# .

# Nilpotent

In mathematics, an element *x* of a ring *R* is called **nilpotent** if there exists some positive integer *n* such that *x*^{n} = 0.

The term was introduced by Benjamin Peirce[1] in the context of elements of an algebra that vanish when raised to a power.

Examples

This definition can be applied in particular to square matrices. The matrix

\( A = \begin{pmatrix} 0&1&0\\ 0&0&1\\ 0&0&0\end{pmatrix} \)

*A*

^{3}= 0. See nilpotent matrix for more.

In the factor ring Z/9Z, the equivalence class of 3 is nilpotent because 32 is congruent to 0 modulo 9.

Assume that two elements a, b in a (non-commutative) ring R satisfy ab = 0. Then the element c = ba is nilpotent (if non-zero) as c2 = (ba)2 = b(ab)a = 0. An example with matrices (for a, b):

\( A = \begin{pmatrix} 0&1\\ 0&1 \end{pmatrix}, \;\; B =\begin{pmatrix} 0&1\\ 0&0 \end{pmatrix}. \)

Here AB = 0, BA = B.

The ring of coquaternions contains a cone of nilpotents.

Properties

No nilpotent element can be a unit (except in the trivial ring {0} which has only a single element 0 = 1). All non-zero nilpotent elements are zero divisors.

An *n*-by-*n* matrix *A* with entries from a field is nilpotent if and only if its characteristic polynomial is *t*^{n}.

The nilpotent elements from a commutative ring form an ideal; this is a consequence of the binomial theorem. This ideal is the nilradical of the ring. Every nilpotent element in a commutative ring is contained in every prime ideal of that ring, and in fact the intersection of all these prime ideals is equal to the nilradical.

If x is nilpotent, then 1 − x is a unit, because xn = 0 entails

\( (1 - x) (1 + x + x^2 + \cdots + x^{n-1}) = 1 - x^n = 1.\ \)

Further, if x is nilpotent, then 1 + x is also a unit by similar equality

\( (1 + x) (1 - x + x^2 - \cdots + (-1)^{n-1} x^{n-1}) = 1 + (-1)^{n-1} x^n = 1. \)

Nilpotency in physics

An operand *Q* that satisfies *Q*^{2} = 0 is nilpotent. Grassmann numbers which allow a path integral representation for Fermionic fields are nilpotents since their squares vanish. The BRST charge is an important example in physics. As linear operators form an associative algebra and thus a ring, this is a special case of the initial definition.^{[2]}^{[3]} More generally, in view of the above definitions, an operator *Q* is nilpotent if there is *n*∈**N** such that *Q*^{n} = 0 (the zero function). Thus, a linear map is nilpotent iff it has a nilpotent matrix in some basis. Another example for this is the exterior derivative (again with *n* = 2). Both are linked, also through supersymmetry and Morse theory^{[4]}, as shown by Edward Witten in a celebrated article.^{[5]}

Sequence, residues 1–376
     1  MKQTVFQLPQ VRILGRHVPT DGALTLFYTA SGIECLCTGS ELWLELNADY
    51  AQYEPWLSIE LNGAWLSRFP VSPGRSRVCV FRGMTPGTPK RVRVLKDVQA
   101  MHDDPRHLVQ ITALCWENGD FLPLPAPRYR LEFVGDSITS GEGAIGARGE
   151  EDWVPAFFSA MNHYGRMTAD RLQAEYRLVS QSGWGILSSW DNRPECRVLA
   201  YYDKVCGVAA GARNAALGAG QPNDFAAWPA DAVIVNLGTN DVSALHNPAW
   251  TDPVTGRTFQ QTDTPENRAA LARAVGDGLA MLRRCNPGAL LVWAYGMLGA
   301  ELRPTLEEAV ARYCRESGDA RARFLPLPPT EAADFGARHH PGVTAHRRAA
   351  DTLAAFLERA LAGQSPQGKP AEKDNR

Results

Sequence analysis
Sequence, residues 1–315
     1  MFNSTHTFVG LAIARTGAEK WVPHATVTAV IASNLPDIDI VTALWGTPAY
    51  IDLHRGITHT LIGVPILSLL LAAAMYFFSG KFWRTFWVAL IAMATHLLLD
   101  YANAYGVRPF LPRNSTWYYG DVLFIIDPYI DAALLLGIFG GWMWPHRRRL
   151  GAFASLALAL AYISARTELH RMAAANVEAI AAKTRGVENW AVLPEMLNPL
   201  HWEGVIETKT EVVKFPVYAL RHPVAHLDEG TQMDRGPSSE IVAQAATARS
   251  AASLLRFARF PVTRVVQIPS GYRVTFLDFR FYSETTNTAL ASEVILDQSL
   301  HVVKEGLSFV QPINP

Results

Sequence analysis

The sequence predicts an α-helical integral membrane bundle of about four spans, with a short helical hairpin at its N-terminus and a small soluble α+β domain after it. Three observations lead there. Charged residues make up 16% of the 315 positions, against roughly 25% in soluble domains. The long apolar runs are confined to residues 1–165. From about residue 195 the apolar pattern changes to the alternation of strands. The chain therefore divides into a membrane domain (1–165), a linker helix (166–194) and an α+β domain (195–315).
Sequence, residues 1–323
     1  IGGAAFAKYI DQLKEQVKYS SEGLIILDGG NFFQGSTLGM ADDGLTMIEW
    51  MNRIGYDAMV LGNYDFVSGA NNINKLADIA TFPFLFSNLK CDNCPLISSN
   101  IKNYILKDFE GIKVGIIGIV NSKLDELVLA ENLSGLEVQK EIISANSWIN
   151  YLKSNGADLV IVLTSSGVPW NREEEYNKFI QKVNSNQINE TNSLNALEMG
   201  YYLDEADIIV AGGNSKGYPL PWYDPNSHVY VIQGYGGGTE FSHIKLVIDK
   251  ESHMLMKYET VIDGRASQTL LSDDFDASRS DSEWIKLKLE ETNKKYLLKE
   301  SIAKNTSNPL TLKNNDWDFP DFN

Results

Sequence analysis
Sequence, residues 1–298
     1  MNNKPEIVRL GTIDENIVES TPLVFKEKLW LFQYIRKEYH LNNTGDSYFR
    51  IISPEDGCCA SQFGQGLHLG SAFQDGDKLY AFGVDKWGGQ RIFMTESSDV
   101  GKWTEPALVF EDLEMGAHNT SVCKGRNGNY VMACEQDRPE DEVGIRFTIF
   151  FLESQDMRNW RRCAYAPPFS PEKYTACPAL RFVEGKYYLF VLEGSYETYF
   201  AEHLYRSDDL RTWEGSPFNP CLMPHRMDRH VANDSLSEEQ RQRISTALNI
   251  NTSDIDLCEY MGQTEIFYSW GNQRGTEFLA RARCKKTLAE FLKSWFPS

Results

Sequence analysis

The electromagnetic field of a plane wave without sources is nilpotent when it is expressed in terms of the algebra of physical space.^{[6]}The electromagnetic field of a plane wave without sources is nilpotent when it is expressed in terms of the algebra of physical space.[6]^{ }

Algebraic nilpotents

The two-dimensional dual numbers contain a nilpotent space. Other algebras and numbers that contain nilpotent spaces include split-quaternions (coquaternions), split-octonions, biquaternions \( \mathbb C\otimes\mathbb H \), and complex octonions \mathbb C\otimes\mathbb O.

See also

Idempotent

Unipotent

Reduced ring

References

^ Polcino & Sehgal (2002), p. 127.

^ Peirce, B. Linear Associative Algebra. 1870.

^ Milies, César Polcino; Sehgal, Sudarshan K. An introduction to group rings. Algebras and applications, Volume 1. Springer, 2002. ISBN 978-1-4020-0238-0

^ A. Rogers, The topological particle and Morse theory, Class. Quantum Grav. 17:3703–3714,2000 doi:10.1088/0264-9381/17/18/309.

^ E Witten, Supersymmetry and Morse theory. J.Diff.Geom.17:661–692,1982.

^ Rowlands, P. Zero to Infinity: The Foundations of Physics, London, World Scientific 2007, ISBN 978-981-270-914-1

Retrieved from "http://en.wikipedia.org/"

All text is available under the terms of the GNU Free Documentation License